Using Simulation to Assess and Reduce Conflicts between Drivers and Bicyclists
UI/UM Contribution:Supporting links:UCF Data
Separated bicycle lanes, or cycle tracks, are increasing in popularity across the nation. When the Massachusetts Department of Transportation (MassDOT) became the first DOT to publish a Separated Bike Planning & Design Guide, it provided evidence that separated bicycle facilities are likely to become even more common. Despite documented benefits of separated bike lanes, including safer cycling and increased ridership among differing populations of bicyclists, there remain ongoing concerns about potential conflicts between bicycles and vehicles when they merge back together at an intersection. The fear is that following a period of separation, drivers are less likely to anticipate and scan for the presence of bicycles.
This project will model the interaction between bicyclists and drivers at critical crossing points using microsimulation to identify commonly-occurring conflicts and then instantiate them in simulator scenarios that capture these problematic areas and traffic configurations. These scenarios will then be used to study driver behavior in a driving simulator and bicyclist behavior in a bicycling simulator. The project will evaluate different strategies for integrating bicyclists and drivers following a period of separation and document the specific behaviors that may impact safety. This project will advance understanding of how roadway design influences bicycling safety. The outcomes will inform the development of roadway designs that accommodate mixing of bicycles and motorized vehicles. The results of this study will also inform future work on the design of connected vehicles systems by identifying where this information is most needed.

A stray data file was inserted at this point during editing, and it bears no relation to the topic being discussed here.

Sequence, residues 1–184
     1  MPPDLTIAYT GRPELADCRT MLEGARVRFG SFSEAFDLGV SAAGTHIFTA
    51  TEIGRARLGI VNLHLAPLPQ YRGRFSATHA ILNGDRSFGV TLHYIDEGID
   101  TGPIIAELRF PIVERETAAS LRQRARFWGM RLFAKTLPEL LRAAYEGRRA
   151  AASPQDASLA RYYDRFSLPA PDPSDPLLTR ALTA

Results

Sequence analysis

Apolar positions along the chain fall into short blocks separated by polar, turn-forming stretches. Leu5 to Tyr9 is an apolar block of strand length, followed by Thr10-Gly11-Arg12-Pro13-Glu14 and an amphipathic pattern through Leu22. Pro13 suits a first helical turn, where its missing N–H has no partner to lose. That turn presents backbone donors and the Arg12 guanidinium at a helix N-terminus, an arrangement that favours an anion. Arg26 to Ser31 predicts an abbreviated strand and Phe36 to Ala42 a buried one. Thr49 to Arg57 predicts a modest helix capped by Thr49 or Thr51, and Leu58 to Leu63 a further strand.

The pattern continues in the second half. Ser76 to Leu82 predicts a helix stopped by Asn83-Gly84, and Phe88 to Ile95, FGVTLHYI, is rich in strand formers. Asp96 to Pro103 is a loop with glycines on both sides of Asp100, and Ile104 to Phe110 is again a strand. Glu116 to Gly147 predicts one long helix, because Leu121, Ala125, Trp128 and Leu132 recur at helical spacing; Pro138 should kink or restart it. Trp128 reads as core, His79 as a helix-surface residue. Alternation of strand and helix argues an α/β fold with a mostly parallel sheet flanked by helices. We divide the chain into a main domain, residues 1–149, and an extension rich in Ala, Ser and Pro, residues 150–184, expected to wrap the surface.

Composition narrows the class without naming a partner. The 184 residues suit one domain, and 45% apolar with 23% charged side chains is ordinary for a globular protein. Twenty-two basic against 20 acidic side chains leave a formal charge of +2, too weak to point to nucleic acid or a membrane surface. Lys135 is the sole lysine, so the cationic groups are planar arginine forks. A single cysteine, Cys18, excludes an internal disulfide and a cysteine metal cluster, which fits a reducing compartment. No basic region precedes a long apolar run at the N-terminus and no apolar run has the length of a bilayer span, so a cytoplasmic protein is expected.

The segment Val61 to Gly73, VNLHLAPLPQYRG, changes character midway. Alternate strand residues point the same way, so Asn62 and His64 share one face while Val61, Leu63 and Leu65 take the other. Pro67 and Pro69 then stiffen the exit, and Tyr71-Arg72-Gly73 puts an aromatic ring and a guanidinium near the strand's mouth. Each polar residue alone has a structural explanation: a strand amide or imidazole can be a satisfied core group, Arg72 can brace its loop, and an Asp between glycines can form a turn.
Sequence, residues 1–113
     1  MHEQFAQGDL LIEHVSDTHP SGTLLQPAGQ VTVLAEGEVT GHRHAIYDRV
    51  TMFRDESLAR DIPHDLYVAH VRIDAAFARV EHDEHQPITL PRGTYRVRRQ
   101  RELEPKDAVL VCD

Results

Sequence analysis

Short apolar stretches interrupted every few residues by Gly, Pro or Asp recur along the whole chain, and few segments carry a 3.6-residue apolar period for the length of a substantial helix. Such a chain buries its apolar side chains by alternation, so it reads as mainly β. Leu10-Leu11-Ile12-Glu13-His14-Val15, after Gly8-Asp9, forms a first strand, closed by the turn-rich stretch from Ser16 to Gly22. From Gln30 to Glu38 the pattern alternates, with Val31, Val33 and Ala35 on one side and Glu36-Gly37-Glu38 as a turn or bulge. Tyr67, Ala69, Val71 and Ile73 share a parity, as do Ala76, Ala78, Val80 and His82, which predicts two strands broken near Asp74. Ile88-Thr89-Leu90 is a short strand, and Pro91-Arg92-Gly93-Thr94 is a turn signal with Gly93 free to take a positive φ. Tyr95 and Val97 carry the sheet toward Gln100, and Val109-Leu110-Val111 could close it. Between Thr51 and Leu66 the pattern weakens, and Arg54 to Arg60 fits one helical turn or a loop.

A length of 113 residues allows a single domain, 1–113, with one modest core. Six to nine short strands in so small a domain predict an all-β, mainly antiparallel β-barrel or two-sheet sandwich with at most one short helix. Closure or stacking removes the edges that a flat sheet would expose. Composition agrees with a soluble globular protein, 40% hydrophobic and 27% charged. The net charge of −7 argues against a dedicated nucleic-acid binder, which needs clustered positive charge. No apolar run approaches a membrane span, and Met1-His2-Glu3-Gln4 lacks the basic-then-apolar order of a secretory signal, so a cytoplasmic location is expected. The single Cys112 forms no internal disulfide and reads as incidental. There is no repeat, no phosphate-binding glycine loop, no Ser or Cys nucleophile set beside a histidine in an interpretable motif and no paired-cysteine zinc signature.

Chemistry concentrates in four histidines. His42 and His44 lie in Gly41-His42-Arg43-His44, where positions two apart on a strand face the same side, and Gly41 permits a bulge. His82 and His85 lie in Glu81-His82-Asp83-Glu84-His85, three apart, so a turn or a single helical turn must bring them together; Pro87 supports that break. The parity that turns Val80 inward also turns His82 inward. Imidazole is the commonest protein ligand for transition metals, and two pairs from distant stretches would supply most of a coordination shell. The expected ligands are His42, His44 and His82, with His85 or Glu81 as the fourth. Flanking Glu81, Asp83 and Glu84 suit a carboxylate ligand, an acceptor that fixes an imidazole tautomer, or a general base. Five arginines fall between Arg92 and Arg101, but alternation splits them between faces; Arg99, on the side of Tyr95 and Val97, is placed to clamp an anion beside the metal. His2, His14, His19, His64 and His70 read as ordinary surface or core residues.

While there has been a growing amount of support for bike lanes on urban and suburban roadways as levels of bicycling have increased in the United States, the safety issue between drivers and bicyclists has been recognized as one of the critical traffic safety problems recently. According to the National Highway Traffic Safety Administration (NHTSA) , over 900 bicyclists were killed in 2013 in the U.S. and most bicyclist fatalities occurred in urban areas (70%). Moreover, bicyclist deaths occurred most often between 6 p.m. and 9 p.m. (20%). Bicyclists are generally using the shoulder of roadways and simultaneously riding next to vehicles. Therefore, there are higher chances of conflicts between bicycles and vehicles, and a serious injury crash can be occurred due to these conflicts. For this reason, nearly every major city has made an effort in recent years to install bike lanes to provide bicyclists’ own designated path. Since a bike lane is relatively new feature in urban roadway cross-section, implementation of bike lane would be challenging in different traffic conditions and its safety effectiveness has not been well examined.
Thus, there is a desperate need to identify and test roadway countermeasures to improve driver and bicyclist safety particularly for urban areas. In order to explore the safety impact of current roadway geometric designs and infrastructures on mixed traffic condition (i.e., bicycles and motorized vehicles), the research team will conduct comprehensive safety analysis using historical crash data and develop safety performance functions (SPFs) and crash modification factors (CMFs). Furthermore, we will identify additional countermeasures (e.g., bike lane with wide width, physical separations, street lighting, roundabout, complete street, traffic calming techniques, protected intersection, etc.) from national and Worldwide experiences. Based on the results of crash analysis and identified countermeasures, a micro-simulation investigation will be assessed to study the impact of implementing different roadway cross-section designs under complexed urban traffic patterns. The outcomes will provide insights on understanding of how different roadway infrastructures and designs influence driver and bicyclist safety.